The Wandering Albatross is a Stool Pigeon

We have a pair of articles to ponder today. First, we can take another look at how the Master Engineer designed the wandering albatross (who is reluctant to ask for directions). Expect to see an adult weighing in the neighborhood of 18 pounds (8.16 kg), with a wing span of 10 feet (305 cm.) That's a big birdie.

We see how the Master Engineer designed the wandering albatross for its unique flying requirements, and also how it is being used for law enforcement.
Credit: Flickr / dfaulder (CC BY 2.0)
The albatross was designed to ride the air currents and travel huge distances over its lifetime, but becoming airborne requires far more energy than flying. They also need to make decisions and adjustments for weather patterns and deal with high-speed winds. There was a recent study about how the albatross uses the wind more than experts previously realized.
Wandering albatrosses have the largest wingspan of any living bird, so they live much of life soaring above the oceans. With their wings—and a lot of winds—it is no wonder that their use of wind-power would be studied by scientists, as a recent report illustrates. And, because albatross males are bigger, they need more wind.
To finish reading, glide over to "Wandering Albatross: Wide Wings on the Winds". (A similar article can be found at "The Energy-Efficient Albatross".) I'd be much obliged if you'd come back for the next article.

The term "stool pigeon" is not used much nowadays, but it usually refers to an information. This was often a criminal who would make a deal with law enforcement about activities of a criminal gang and such. This same wandering albatross has been collateral damage from illegal fishing activities in international waters. You'd think that there is no law beyond a country's limits, but there are treaties in place regarding overfishing, which threatens the populations of fish.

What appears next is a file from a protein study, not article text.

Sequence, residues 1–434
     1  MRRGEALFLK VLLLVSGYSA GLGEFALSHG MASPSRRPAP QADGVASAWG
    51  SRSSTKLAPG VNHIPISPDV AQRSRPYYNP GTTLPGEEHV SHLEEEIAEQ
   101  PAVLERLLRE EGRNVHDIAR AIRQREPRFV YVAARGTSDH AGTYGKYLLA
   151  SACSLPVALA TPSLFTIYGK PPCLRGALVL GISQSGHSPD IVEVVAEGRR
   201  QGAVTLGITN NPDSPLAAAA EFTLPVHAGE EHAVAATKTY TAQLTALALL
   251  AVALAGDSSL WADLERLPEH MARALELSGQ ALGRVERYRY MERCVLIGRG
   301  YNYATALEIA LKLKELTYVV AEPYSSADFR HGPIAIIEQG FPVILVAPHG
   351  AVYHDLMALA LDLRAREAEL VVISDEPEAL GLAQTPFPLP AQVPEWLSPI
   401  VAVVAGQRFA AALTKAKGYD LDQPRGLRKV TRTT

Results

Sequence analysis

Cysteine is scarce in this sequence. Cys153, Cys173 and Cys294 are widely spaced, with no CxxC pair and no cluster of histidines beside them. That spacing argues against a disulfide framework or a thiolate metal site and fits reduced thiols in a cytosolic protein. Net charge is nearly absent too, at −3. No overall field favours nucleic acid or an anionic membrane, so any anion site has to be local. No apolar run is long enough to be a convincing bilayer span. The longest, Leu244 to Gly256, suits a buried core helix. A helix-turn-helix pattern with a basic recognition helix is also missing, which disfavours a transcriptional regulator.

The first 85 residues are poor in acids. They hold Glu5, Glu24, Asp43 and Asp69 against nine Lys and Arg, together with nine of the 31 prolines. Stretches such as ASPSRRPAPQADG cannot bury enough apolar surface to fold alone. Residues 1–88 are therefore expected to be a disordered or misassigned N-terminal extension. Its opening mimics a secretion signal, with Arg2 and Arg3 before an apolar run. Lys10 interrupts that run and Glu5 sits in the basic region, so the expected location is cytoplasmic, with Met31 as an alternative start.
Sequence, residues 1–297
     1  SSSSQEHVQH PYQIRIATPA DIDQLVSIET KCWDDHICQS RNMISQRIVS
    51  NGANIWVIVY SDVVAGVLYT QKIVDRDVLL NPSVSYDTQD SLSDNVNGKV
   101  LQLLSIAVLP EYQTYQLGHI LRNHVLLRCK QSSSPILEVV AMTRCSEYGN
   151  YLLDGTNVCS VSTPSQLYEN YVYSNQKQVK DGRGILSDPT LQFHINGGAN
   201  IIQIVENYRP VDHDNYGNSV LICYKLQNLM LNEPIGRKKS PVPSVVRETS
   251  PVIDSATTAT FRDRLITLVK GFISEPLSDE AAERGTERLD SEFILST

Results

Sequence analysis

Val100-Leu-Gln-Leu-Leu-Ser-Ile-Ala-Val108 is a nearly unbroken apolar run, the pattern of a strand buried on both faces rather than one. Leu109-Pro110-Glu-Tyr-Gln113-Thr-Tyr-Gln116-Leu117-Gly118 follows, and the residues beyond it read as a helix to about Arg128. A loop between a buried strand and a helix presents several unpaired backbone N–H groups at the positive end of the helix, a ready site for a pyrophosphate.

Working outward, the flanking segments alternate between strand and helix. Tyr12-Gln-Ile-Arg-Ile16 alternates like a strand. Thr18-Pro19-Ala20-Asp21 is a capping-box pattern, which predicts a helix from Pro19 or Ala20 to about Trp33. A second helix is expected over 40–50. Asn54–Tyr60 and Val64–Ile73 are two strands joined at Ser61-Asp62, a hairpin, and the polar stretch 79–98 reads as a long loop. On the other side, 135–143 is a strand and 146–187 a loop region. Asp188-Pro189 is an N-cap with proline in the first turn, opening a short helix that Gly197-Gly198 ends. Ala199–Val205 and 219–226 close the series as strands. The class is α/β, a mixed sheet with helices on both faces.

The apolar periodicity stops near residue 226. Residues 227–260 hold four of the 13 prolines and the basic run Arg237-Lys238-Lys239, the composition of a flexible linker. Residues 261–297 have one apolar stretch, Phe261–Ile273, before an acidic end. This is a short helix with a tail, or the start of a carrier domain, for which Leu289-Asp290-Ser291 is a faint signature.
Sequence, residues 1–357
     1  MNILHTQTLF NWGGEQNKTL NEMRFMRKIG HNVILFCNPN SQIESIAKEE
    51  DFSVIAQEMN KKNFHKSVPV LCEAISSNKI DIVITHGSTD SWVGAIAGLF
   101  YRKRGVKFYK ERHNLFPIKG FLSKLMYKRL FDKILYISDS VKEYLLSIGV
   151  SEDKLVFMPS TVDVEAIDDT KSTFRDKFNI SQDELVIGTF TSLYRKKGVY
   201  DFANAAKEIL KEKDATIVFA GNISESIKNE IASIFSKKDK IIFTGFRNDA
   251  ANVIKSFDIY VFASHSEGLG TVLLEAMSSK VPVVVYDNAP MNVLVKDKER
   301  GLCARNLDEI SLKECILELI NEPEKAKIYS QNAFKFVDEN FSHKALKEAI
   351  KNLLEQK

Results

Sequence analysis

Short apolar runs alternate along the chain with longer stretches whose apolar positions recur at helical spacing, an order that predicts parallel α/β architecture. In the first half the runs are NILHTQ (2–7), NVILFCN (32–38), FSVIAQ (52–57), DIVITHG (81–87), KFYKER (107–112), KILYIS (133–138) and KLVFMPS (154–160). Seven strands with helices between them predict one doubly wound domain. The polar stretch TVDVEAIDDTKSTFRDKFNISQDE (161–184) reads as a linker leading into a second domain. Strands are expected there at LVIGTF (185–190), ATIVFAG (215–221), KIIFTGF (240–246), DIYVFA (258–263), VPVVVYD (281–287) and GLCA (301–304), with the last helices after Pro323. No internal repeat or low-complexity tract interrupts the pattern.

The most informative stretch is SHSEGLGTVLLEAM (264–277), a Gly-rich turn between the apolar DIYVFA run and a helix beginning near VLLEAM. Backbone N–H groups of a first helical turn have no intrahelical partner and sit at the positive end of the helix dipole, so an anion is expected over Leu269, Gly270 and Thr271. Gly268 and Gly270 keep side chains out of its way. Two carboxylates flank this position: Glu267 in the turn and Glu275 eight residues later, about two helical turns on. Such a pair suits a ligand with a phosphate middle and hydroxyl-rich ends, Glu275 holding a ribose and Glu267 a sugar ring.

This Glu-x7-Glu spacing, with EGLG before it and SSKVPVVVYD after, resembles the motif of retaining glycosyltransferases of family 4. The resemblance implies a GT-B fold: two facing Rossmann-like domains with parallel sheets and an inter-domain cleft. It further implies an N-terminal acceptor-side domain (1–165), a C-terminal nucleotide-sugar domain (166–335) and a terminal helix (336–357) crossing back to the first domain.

In a bit of serendipity, special tracking units were placed on birds to signal their locations. Although they didn't respond to "One-Adam-Bird, One-Adam-Bird, check for furtive behavior...", the signals also helped track down illegal activities.
Recently, albatrosses were used for a surprising and unintended purpose: catching criminals.
On behalf of BBC News, Samantha Patrick reported on her tagged and satellite-tracked albatrosses. . .  
These albatrosses help Patrick gather information on fish-poaching pirates who are routinely guilty of harming albatrosses as by-catch casualties. (“By-catch” means that one species is accidentally caught while fishing for another species.)
. . . 
The spy-like surveillance program began, Patrick says, as an attempt to track the albatrosses who were vulnerable to fishing by-catch risks in the open ocean.
You can observe the full article by clicking on "Albatrosses Aid Law Enforcement". Albatross lives matter.